Soy allergy symptoms can range from mild to severe. If you've had a reaction to any food that you've eaten, it's important to identify exactly what food has caused this reaction so that you can be sure to avoid it in the future.
About Food Allergies
Food allergies cause an allergic reaction when certain foods or additives are digested. More specifically, the immune system in an allergic person misidentifies proteins in the food as a threat to the body. Symptoms can be sudden and severe, or occur over a period of time and be generally mild in nature.
Intolerance is similar to food allergies, but in this case, the digestive system struggles to break down and absorb certain foods. Food allergies and intolerances are often lumped together as the same condition.
Soy allergies are food allergies that are specific to soy and soy-based products. These include, but are not limited to:
Soy Allergy Symptoms
Soy allergy symptoms can be fairly mild or quite severe. Often the reaction will depend on how much soy product was ingested, but sometimes even a very small amount can trigger an allergic episode. Here are some soy allergy symptoms that are common.
- Rashes or hives
- Acne or other skin conditions
- Inflamed nasal tissue and runny nose (Rhinitis)
- Itchy mouth
- Canker sores
- Diarrhea and gas
- High fever
- Low blood pressure
More severe symptoms are infrequent, but can include:
- Difficulty breathing
- Trouble swallowing
Symptoms in Infants
There is special cause for concern over potential soy allergies in infants, because one of the main alternatives to milk-based baby formulas is a soy-based formula. If your infant is allergic to cow's milk and you've opted not to breastfeed, there is a good chance that your child will also develop an allergy to soy. Symptoms of a soy allergy in babies is similar to those found in children and adults, and also include:
- Excessive crying
- Upset stomach or excess gas
- Runny, loose, and frequent stools
- Loss of sleep or frequent waking
If you suspect your infant is developing an allergy to soy, see your pediatrician immediately and discontinue the soy-based formula. Try a hypo-allergenic baby formula instead, such as Nutramigen.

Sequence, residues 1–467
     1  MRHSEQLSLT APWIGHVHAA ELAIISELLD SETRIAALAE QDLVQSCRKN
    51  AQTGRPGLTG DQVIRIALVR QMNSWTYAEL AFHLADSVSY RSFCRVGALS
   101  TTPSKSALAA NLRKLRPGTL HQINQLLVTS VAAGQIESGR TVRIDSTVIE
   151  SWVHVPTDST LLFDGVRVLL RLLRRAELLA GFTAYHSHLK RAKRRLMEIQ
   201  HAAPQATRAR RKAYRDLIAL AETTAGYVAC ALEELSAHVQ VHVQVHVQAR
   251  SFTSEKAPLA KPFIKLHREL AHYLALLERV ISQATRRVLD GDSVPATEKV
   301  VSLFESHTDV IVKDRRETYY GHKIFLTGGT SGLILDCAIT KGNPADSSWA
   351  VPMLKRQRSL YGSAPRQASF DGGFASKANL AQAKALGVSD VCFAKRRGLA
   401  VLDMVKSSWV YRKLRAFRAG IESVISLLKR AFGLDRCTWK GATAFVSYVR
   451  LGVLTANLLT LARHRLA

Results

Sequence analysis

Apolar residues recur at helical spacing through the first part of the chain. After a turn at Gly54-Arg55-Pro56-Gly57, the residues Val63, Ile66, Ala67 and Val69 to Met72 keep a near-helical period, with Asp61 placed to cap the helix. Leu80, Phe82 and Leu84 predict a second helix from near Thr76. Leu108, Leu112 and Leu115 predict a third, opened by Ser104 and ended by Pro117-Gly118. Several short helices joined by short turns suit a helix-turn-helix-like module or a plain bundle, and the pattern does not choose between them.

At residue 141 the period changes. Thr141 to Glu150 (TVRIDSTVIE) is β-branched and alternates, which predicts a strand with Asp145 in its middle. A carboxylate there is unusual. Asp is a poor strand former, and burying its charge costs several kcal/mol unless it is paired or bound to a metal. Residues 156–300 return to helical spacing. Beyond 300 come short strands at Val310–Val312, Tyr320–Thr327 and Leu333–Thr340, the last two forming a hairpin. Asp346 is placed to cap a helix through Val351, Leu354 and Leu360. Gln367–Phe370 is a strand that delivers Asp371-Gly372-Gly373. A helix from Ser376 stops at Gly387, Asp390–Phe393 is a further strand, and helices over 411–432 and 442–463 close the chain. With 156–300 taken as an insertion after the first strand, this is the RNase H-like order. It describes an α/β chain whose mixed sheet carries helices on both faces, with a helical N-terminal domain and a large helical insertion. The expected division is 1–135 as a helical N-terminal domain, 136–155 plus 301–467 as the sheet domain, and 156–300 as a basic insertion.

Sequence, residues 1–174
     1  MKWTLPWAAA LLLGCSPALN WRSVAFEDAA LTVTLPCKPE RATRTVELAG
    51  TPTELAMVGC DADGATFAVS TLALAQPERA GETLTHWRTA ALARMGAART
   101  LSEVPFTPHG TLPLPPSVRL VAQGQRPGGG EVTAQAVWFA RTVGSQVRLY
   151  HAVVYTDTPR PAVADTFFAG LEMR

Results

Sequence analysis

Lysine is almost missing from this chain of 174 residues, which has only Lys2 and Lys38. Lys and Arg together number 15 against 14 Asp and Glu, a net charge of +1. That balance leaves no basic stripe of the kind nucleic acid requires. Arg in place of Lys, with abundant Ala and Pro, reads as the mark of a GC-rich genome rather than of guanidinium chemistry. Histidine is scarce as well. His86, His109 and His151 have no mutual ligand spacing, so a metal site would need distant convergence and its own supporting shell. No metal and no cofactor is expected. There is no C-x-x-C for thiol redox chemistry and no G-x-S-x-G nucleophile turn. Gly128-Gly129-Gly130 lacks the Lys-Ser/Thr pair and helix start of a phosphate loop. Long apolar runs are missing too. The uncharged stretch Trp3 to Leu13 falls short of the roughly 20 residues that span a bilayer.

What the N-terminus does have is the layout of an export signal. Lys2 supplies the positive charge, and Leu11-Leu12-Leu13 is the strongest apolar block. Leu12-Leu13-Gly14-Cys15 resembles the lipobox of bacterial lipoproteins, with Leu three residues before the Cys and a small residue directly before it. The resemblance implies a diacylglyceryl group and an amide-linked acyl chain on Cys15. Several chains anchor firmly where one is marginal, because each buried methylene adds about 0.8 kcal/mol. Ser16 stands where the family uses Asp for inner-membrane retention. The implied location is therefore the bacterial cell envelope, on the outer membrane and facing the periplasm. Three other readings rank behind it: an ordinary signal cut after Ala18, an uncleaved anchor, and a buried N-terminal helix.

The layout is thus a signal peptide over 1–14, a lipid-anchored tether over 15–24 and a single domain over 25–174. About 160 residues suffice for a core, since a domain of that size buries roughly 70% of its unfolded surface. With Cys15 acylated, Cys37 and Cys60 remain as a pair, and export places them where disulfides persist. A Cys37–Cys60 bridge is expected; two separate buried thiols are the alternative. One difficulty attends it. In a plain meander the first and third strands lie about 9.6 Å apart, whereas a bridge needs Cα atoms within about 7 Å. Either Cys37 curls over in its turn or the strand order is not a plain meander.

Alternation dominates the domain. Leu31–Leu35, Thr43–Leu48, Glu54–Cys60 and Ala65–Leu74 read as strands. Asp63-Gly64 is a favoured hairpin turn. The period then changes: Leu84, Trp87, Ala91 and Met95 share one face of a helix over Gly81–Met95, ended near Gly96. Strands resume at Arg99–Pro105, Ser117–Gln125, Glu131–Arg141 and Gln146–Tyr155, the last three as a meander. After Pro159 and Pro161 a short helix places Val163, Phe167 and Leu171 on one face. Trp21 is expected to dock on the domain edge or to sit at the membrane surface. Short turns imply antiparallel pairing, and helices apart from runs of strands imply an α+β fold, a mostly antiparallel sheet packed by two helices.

Children usually outgrow a soy allergy by the time they reach age three. It's important to note, however, that adults with soy allergies are growing in number.
How to Avoid Triggering a Soy Allergy
If you are allergic to soy, the only real way to avoid the symptoms is to avoid soy completely. This can be difficult, considering the prevalence of soy and soy products in today's modern diet, especially if you are vegetarian or vegan.
Since soy can be a major source of protein in the vegetarian and vegan diets, speak to your doctor or a nutritionist to make sure that you will be getting enough protein and other vital nutrients after eliminating soy. There are many alternatives to soy, including nuts and legumes, and for some vegetarians, dairy and eggs.
The best way to make sure that you don't ingest any soy products if you're allergic is to read food labels very carefully. By law, manufacturers in the United States are required to clearly label food products that contain soy. Any item that claims to contain "vegetable protein" is suspect, however. If you are unsure, don't eat the item.When eating out, you can always ask servers for the ingredients in your meal, or ask specifically if there is soy in the dish you want to order. Make sure you steer clear of any dishes that contain tofu.
If you think you may have an allergy to soy, make an appointment with your doctor. Allergy tests can determine the cause of these reactions, and you'll learn which foods are causing them. Tests can be done on infants as well as children, adults, and seniors. Remember, food allergies can develop at any stage. If you or anyone you know experiences a severe allergic reaction, call 911 immediately.